Clinical Review

Assessment and management of medically unexplained symptoms

BMJ 2008; 336 doi: (Published 15 May 2008) Cite this as: BMJ 2008;336:1124

Re: Assessment and management of medically unexplained symptoms

In a a discussion in BMJ of 30-3-14 I provided a summary of an essay called The Matter of Framework which was published in the Australasian Nurses Journal in June 1980, where I presented my conclusion that poor posture was the cause of a wide diversity of previously unexplainable symptoms.

However, I looked in the mirror and my posture appeared to be reasonably good, but a few years later I decided to turn and look at my side view, and that was when I could see how significant the problem was.

My upper back was very curved in the forward direction, much more so than the normal slight curve, and my lower spine was arched forward, where the combination produced a very distinct S-shape in my spine from my neck to my hips.
My head was also upright, which in combination with the forward curve of my upper spine produced a significant backward curve in my neck.

I therefore became curious about why I had that shape when most people didn’t.

A few more years went by when I was cleaning out some cupboards and found an old photo album and decided to look through the pages.

I saw a photo of myself when I was about 3 years old, when my spine was upright and my physique and complexion were exceptionally good.

I then saw a photo when I was about 7 years old and I was thin, very round shouldered, and slouched, and wearing spectacles which made my left eye look larger than my right, so I then became curious about what happened during the intervening years.

I could recall being told that I had contracted measles at the age of five, and that it infected my left eye muscles in such a manner that it turned inwards and gave me a squint, or cross-eyed appearance, and that I had two operations to try and correct it but they were unsuccessful.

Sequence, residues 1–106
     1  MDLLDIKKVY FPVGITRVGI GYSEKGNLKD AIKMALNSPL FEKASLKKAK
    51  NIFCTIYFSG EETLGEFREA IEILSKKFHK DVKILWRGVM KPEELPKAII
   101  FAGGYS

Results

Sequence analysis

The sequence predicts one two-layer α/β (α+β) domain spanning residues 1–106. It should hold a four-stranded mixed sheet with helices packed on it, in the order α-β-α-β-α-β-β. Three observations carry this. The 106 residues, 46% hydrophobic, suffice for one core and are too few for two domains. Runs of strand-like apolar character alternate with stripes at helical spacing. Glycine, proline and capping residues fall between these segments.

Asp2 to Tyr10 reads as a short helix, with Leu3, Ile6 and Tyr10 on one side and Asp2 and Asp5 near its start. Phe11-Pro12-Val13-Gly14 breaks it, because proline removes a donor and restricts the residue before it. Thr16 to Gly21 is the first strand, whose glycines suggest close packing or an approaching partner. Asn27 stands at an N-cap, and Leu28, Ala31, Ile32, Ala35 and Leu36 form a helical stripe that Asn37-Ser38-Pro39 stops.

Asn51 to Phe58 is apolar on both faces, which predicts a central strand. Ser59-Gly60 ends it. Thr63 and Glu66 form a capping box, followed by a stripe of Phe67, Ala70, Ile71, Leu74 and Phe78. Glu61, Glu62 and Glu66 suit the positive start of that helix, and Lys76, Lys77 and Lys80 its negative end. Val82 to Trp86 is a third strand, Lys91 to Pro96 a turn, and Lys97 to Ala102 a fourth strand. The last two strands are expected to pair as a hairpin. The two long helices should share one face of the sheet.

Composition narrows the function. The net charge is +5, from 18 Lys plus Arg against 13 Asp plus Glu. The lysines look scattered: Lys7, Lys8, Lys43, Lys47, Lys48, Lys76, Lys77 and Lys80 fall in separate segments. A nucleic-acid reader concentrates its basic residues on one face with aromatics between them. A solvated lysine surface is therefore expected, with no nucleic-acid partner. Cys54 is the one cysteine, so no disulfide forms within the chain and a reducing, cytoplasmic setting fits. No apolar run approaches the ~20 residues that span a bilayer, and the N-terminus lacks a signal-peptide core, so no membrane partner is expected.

I was then given a patch to wear over my right eye, so that my weak left eye would be forced to function and return to normal strength, but it didn’t, so i was then prescribed with spectacles where the lens in the left side had greater magnification to equalise the vision in each eye.

That explained why my left eye appeared larger in my photo at age seven.

I also had hepatitis for several months at the age of six, which probably involved a lot of nausea, vomiting, and poor appetite, and consequent weight loss in which case my bones and muscles would have become thinner and weaker and my spine would have slumped and remained in that position.

One of the reasons for putting so much time into determining the cause was to get a clearer understanding of how to fix the problems, and the most obvious solution was to sit up straight.
However, when I did that I soon noticed that my back muscles were being strained, and it was unsustainable so I tended to slump again, so I needed to find out why.

As I continued to study the problem I found that when a child is young their bones are soft and pliable, like the trunk of a young tree which is easily bent, and it hardens toward adulthood, like the trunk of a fully grown tree.

Consequently I had been trying to straighten curved bones with muscle, which is why just sitting up straight wasn’t effective.

I was eventually able to develop the standing computer posture which was reasonably effective, and which I have also described in my comments in BMJ of 30-3-14.

Competing interests: No competing interests

20 April 2014
Max Allan Banfield
Unit 6 No.6 Hartman Ave., Modbury, South Australia, 5092